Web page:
McDavid, Gaudreau superstars on, off ice


Both are great ambassadors for the game

Connor McDavid of the Edmonton Oilers and Johnny Gaudreau of the Calgary Flames are not just highly skilled stars on the ice, they respect the game, everyone involved in it – including the fans — and the communities they live in, spokesmen for their teams say.

Calgary Flames president of hockey operations Brian Burke and Craig MacTavish, vice-president of hockey operations for the Edmonton Oilers, gave that assessment during the Every Kid Every Community speaker series.

The event, a fundraiser for minor hockey, the Olds Grizzlys and Olds College Broncos hockey, was held Friday at the Pomeroy Inn & Suites.

They were asked what players like those guys do for their respective teams.

“Well, it meant everything to our franchise to be able to draft that player,” MacTavish said regarding McDavid.

“And the combination – how effective he is – and how productive he is, combined with how entertaining he is to watch – I mean to me, the most entertaining part of the game is high-speed skill and he’s got that,” he added.

However, MacTavish said there’s more to MacDavid than that.

“He really has a lot of what Wayne Gretzky has in the way he respects the game, he respects the people in the game, he respects the trainers in the game, he respects the Zamboni driver in the game. He’s got time for everybody,” MacTavish said.

“It really belies the age of the player. He’s 21 now. You have to give his parents a lot of credit for him to be at that level and still be such a humble kid.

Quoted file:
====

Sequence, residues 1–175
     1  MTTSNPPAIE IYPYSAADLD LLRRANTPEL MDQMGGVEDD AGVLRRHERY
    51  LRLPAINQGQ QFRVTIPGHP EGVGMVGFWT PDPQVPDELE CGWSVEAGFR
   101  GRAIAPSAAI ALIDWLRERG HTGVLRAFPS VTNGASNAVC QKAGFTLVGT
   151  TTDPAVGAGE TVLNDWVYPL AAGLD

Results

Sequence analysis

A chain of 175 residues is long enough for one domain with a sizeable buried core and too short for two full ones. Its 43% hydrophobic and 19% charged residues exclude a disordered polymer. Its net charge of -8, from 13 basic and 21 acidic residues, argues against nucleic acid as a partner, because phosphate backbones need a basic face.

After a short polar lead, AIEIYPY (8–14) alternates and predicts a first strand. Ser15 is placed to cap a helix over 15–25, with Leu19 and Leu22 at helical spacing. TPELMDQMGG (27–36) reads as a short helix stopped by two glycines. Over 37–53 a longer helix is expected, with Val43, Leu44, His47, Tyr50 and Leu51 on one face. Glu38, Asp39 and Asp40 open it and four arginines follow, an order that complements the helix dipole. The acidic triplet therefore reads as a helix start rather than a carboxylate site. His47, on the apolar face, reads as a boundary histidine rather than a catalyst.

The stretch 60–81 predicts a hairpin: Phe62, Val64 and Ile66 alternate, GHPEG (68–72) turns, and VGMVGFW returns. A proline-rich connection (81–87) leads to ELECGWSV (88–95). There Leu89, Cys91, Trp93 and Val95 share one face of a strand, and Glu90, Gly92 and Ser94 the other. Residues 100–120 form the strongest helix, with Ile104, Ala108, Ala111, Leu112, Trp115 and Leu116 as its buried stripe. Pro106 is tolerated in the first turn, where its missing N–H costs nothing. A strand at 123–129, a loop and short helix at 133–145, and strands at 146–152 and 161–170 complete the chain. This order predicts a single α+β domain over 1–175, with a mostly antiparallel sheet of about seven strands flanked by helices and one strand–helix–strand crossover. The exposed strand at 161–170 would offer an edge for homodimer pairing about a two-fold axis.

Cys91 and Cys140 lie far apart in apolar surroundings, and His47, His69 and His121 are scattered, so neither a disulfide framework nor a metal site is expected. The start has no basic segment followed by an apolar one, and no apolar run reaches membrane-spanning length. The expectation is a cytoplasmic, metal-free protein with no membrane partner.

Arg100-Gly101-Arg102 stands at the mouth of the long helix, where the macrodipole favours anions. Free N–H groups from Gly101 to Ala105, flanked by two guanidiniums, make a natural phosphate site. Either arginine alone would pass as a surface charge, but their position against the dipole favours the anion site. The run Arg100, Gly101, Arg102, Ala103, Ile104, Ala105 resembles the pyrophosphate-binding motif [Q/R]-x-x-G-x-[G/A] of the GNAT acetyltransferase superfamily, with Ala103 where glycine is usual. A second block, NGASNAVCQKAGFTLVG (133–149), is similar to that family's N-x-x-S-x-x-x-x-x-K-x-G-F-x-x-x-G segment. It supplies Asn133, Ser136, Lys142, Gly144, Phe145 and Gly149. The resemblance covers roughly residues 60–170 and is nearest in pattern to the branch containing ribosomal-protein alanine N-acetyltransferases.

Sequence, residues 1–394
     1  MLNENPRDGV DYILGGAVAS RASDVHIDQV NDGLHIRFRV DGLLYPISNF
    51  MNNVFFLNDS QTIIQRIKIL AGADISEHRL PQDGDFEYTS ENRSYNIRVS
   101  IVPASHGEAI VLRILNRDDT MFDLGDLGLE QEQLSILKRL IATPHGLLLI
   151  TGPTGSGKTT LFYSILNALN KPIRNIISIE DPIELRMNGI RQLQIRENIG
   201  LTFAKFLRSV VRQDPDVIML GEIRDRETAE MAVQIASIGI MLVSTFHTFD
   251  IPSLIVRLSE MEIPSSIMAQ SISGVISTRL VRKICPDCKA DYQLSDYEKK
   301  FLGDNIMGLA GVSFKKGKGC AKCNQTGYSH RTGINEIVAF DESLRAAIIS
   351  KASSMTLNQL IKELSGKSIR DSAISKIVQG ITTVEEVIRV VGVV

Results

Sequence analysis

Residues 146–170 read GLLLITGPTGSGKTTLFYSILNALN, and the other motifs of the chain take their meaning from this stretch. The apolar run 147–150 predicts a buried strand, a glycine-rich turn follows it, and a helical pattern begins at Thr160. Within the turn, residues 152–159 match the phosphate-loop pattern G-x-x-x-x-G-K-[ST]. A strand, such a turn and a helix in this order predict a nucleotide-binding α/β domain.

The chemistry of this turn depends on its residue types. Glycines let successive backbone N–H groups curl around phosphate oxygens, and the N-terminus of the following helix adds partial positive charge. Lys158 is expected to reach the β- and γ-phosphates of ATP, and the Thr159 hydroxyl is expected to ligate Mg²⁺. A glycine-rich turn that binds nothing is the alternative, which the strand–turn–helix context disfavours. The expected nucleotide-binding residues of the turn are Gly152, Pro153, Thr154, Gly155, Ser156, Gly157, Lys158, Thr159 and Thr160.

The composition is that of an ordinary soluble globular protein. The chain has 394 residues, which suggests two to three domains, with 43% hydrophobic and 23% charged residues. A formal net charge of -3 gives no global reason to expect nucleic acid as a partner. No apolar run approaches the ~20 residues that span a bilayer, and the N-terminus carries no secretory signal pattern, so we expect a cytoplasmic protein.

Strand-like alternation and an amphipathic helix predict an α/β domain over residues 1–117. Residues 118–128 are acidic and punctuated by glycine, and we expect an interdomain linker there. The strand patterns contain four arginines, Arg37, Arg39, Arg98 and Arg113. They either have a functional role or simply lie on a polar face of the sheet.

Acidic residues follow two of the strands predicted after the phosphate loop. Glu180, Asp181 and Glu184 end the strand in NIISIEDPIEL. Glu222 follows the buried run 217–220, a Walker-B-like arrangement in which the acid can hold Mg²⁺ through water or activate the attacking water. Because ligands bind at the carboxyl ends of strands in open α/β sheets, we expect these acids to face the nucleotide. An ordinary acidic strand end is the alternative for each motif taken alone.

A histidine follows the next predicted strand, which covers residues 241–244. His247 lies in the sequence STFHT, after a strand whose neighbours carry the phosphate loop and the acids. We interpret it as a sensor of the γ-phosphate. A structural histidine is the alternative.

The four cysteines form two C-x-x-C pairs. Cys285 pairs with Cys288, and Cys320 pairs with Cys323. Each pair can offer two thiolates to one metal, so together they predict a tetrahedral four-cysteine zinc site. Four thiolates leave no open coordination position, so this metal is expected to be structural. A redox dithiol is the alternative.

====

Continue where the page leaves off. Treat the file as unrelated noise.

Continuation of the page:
“He knows that he’s got the ability to impact other people and impact other charitable organizations and he’s certainly easy to deal with from that perspective as well.”

Burke agreed that McDavid is a once-in-a-generation kind of player.

“There’s only one player I’ve seen in 30 years who can – the average player can’t make plays at top speed. The average player has to plant his feet or slow down to make plays. And this kid makes plays at top speed,” he said.

“The only other guy I’ve seen do this was Pavel Bure, who could handle a puck at blinding speed and still make plays,” Burke added.

“This kid’s special, and I think we’re lucky. In our league, as our stars age, we seem to replace them. We’re lucky that way, to have a kid like this. I hate playing against him when we play him, but I love watching him otherwise.”

Burke said Gaudreau has some of those same qualities, although his style of play is different.

“He doesn’t have that explosive speed (but) he’s very quick. He’s dangerously exciting. He’s a better passer than he is anything else. He’s really a better setup man than he is a goal scorer because he again can find small seams and make plays,” he said.

“But like Craig was saying about Connor, this kid gets it too. He’s from humble beginnings outside of Philadelphia. His dad was a rink manager. He didn’t grow up with big money.”

Burke told a story relayed to him by Gaudreau’s dad about how he persuaded his young son to learn to skate.

“When he was little, he didn’t really want to skate so (his dad) put Skittles on the ice,” Burke said, sparking laughter. “Every 20 or 30 feet, Johnny would skate from Skittle to Skittle,” he said, causing even more laughter. I’m not making this up; you can’t make stuff like that up.

“But he’s 165 pounds with a brick in each pocket and he’s still exciting and sells tickets and he gets the community side too.”

“In our league, as our stars age, we seem to replace them. We’re lucky that way, to have a kid like this. I hate playing against him when we play him, but I love watching him otherwise.”


About Author

Doug Collie

Doug Collie joined the Olds Albertan in 2014 as editor. He covers municipal politics, news, community events, arts and entertainment and sports happening in and around Bowden and Olds.